Organic Chemistry

Organic chemistry

Reinforce Concept in Different Contexts

Keep coming back to the curly arrow concept, in terms of reinforcing it in different contexts. For a first-year course that’s about 20 lectures, introduce the curly arrow concept in lectures four to seven, then revisit it every lecture thereafter. For 13 or 14 lectures, it would come up in some different form - different examples, different ways of using it, referring back to the original concepts, reiterating the vocabulary, the language that's being used.


Repeat, re-summarise. Do not put the material on internet to make students write it down!

Practice Problems During Lecture

Try to encourage active learning in the lecture theatre. Talk about a concept and then ask them to look at some examples and work through them on their own.

Treat Mechanisms as Cartoons

The actual curly arrow mechanisms are in a way themselves cartoons, how they map to the reality in the way that a Micky Mouse might map to real life.

Identify Core Mechanism

There could be five “different” reactions, but actually they are the same core mechanism. If they can identify an electrophile and a nucleophile and how they get together in a particular context, then they understand all five of the reactions and another 55 too, if they choose to. The ultimate goal is that they have a skill-set, a set of tools, that allows them to meet any reaction, even reactions they have not seen before, and apply the concepts, use the tools, and get a handle on what is actually happening.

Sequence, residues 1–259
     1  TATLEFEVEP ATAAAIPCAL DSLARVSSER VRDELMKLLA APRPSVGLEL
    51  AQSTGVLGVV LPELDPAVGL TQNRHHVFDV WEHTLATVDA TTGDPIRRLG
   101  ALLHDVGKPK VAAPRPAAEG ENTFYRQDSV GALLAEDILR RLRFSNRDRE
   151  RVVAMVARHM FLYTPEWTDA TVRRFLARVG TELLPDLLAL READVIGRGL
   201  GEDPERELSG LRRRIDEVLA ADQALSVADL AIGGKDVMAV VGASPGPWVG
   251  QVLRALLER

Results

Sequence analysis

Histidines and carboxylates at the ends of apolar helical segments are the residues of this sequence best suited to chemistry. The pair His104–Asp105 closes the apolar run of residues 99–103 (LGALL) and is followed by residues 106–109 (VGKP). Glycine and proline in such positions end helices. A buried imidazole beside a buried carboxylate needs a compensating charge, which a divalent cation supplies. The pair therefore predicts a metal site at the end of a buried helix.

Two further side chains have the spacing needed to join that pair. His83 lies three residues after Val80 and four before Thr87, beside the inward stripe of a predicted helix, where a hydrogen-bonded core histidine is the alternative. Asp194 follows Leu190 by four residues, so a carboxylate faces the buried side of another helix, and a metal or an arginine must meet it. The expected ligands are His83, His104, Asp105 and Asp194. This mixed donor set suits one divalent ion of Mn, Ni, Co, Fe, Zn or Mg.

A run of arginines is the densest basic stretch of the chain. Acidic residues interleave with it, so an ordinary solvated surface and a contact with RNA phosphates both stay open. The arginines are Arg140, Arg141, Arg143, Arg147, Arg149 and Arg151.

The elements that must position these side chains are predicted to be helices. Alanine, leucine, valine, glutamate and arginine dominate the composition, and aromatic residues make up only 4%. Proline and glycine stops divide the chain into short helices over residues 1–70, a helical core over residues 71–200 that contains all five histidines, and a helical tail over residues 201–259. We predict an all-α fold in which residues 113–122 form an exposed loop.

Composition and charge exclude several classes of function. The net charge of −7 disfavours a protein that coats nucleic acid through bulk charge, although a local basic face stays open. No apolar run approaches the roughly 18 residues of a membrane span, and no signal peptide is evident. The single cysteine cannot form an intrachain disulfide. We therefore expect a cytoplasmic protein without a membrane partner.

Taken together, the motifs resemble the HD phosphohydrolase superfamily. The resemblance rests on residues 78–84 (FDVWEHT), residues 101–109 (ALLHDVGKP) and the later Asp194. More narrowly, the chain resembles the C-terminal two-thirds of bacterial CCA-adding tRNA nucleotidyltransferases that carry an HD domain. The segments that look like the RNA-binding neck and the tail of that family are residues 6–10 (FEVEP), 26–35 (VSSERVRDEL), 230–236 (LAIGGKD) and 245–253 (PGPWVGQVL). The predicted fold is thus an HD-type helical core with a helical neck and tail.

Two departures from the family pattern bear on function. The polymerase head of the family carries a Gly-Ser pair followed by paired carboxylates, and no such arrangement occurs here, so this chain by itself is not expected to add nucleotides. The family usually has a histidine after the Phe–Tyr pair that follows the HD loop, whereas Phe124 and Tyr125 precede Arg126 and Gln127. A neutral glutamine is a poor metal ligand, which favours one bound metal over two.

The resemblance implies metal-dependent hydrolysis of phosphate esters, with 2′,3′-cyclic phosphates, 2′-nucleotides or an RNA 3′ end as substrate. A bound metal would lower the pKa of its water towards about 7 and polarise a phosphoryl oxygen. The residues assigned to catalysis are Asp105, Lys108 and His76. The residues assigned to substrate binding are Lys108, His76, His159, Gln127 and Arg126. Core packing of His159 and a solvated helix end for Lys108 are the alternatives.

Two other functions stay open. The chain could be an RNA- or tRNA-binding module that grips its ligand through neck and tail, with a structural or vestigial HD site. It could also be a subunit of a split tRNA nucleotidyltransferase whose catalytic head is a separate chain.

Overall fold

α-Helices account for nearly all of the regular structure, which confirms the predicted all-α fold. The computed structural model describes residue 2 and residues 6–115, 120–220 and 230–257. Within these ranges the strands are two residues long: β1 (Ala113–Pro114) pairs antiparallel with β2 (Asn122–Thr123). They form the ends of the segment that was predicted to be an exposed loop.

The Curly Arrow Code

They're learning a new language as well as new concepts. There's a lot of vocabulary - terms like electrophile and nucleophile and many others. So it’s about learning the language, learning the curly arrow code that we use, and then starting to apply that in half a dozen different contexts.

Link Concepts Invoved in Mechanism

Explain partial charges, with problems, then link this to bond polarity. Explain the differences in arrows 'language'. Draw organic structures as line structures and no stereochemistry (until you discuss that). Make stoichiometry explicit and link the structures to names to build on the concepts.

Establish Electronegativity First

Re-teach electronegativity quickly because you don't necessarily trust the person who's taught before you. Make sure that it's reiterated, and then follow through to bond polarity and partial charges. Include all of that information first before going on to do reaction mechanisms. So the first thing to do is draw in partial charges to identify the electrophile and the nucleophile before going on to the next step. It's about doing examples all the way from first principles to build up those concepts.

Examples from First Principles

Do many examples, on the projector or board, from first principles. Start with partial charges and identification of the nucleophile and electrophile, then draw in arrows.

Demonstrate Reactions

Use a lot of demonstrations - actually doing reactions at the front of the class. You can't actually see the electrons moving when you're doing the reaction, but still it helps to use demonstrations. Beware of possible misinterpretations that could arise when doing demonstrations. 

Link to Article on Effective Use of Demonstrations


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